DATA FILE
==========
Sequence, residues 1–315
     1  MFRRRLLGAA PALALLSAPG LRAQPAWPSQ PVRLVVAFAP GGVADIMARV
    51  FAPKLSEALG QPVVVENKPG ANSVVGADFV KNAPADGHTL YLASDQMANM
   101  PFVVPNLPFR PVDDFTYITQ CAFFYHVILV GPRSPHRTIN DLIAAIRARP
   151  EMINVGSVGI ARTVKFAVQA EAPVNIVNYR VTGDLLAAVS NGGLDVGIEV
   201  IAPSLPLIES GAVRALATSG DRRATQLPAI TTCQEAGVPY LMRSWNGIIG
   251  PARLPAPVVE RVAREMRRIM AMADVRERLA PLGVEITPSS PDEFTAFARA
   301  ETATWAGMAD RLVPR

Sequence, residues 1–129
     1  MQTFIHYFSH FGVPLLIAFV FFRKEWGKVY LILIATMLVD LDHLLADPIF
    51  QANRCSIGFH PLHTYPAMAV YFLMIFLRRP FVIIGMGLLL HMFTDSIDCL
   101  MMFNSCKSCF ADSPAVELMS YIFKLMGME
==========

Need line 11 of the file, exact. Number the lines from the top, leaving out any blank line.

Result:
    51  QANRCSIGFH PLHTYPAMAV YFLMIFLRRP FVIIGMGLLL HMFTDSIDCL